It’s amazing, though, how we’re wired to tap into survival mode when we need to. It’s like the story of the mother who lifted up a car to rescue her baby. The fight or flight response kicks in and we do what we need to do if our life or the life of someone we love is at stake. Throughout my adolescence and into young adulthood I had to think fast on my feet and say, “Okay, how can I get out of this situation and have some stability going forward? How can I make a living with no one helping me?” I wasn’t a great student. I was a terrible test-taker and scored horribly on my S.A.T.’s. I also knew the schools that would accept me weren’t the top-tier universities. I remember thinking, “I’m never going to be a doctor, lawyer, or high powered businesswoman. I need to find a way to hustle.”

            What I did have going for me was that even though I wasn’t “book smart” per se, I had more emotional intelligence than anyone else my age - and years beyond - because of all my hardships. I was a good communicator, very presentable, and always articulate. I absorbed much more in the school of life than in a classroom. Given the opportunity to meet them in person, people always liked me. It, therefore, became clear that doing something related to building relationships would become my greatest strength. Instead of dwelling on all of the things I felt I was lacking, I embraced my ability to read people and to be sensitive to their personal and/or health related struggles. Little did I know at the time that the groundwork was being laid for my becoming a wellness consultant.

            It’s interesting to witness how the scales are always balanced. You could be fabulously rich and yet somehow feel lonely and unfulfilled. You may have so much love and a wonderful family but money may not come easy to you. You might have everything going for you but get sick or lose a loved one. You could even be drop-dead gorgeous but find that you’re the last single one out of all your friends who are now happily married. It’s a lesson to not be jealous - because no one has everything.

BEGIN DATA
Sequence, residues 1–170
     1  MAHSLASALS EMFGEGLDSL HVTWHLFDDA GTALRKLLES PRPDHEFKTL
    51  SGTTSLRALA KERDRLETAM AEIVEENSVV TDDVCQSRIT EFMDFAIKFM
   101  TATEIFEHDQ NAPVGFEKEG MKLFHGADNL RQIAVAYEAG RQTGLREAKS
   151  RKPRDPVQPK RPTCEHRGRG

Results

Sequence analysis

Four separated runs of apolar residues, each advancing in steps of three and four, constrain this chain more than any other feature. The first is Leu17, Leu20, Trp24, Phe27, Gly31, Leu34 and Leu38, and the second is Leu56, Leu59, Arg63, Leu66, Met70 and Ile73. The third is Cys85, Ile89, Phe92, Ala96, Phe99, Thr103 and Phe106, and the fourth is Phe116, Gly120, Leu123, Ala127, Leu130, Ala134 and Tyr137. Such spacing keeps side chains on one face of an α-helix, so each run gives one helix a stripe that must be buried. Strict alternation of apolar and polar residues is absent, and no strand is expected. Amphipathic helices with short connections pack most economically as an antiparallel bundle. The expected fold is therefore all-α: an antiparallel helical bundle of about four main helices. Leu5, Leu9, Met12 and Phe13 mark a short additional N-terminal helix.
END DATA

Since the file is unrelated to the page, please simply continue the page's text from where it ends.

Even when I felt like I was doing a good job of coping with my past- experiencing divorce, followed by a string of crappy relationships, getting cancer and going broke made me feel like the ground under me was so unstable that I could sink at any minute. After hitting rock bottom, the revelation I had was that I had to change my thinking.

            I literally began to look at every challenge as a pass/fail test. Each time something really bad happened, it became a game to me. Now let me make clear that I definitely slipped - that’s part of being human - but quickly I had to work on removing myself from the situation as if I were observing as an outsider. I wouldn’t allow myself to fall into a depression. Sometimes I’d try to become a problem-solver but other times I had to give up my fears and have some faith. We all know the expression, “We plan and God laughs.” It’s easy to think an aspect of strength is to always be in control, but strength actually comes from allowing the right outcome to occur. I began to realize that when things didn’t go my way - when the relationship didn’t work out, when the job that seemed like a dream was lost - it was all part of a bigger picture leading me to where I needed to be. There were so many times that these so called catastrophes even saved my life.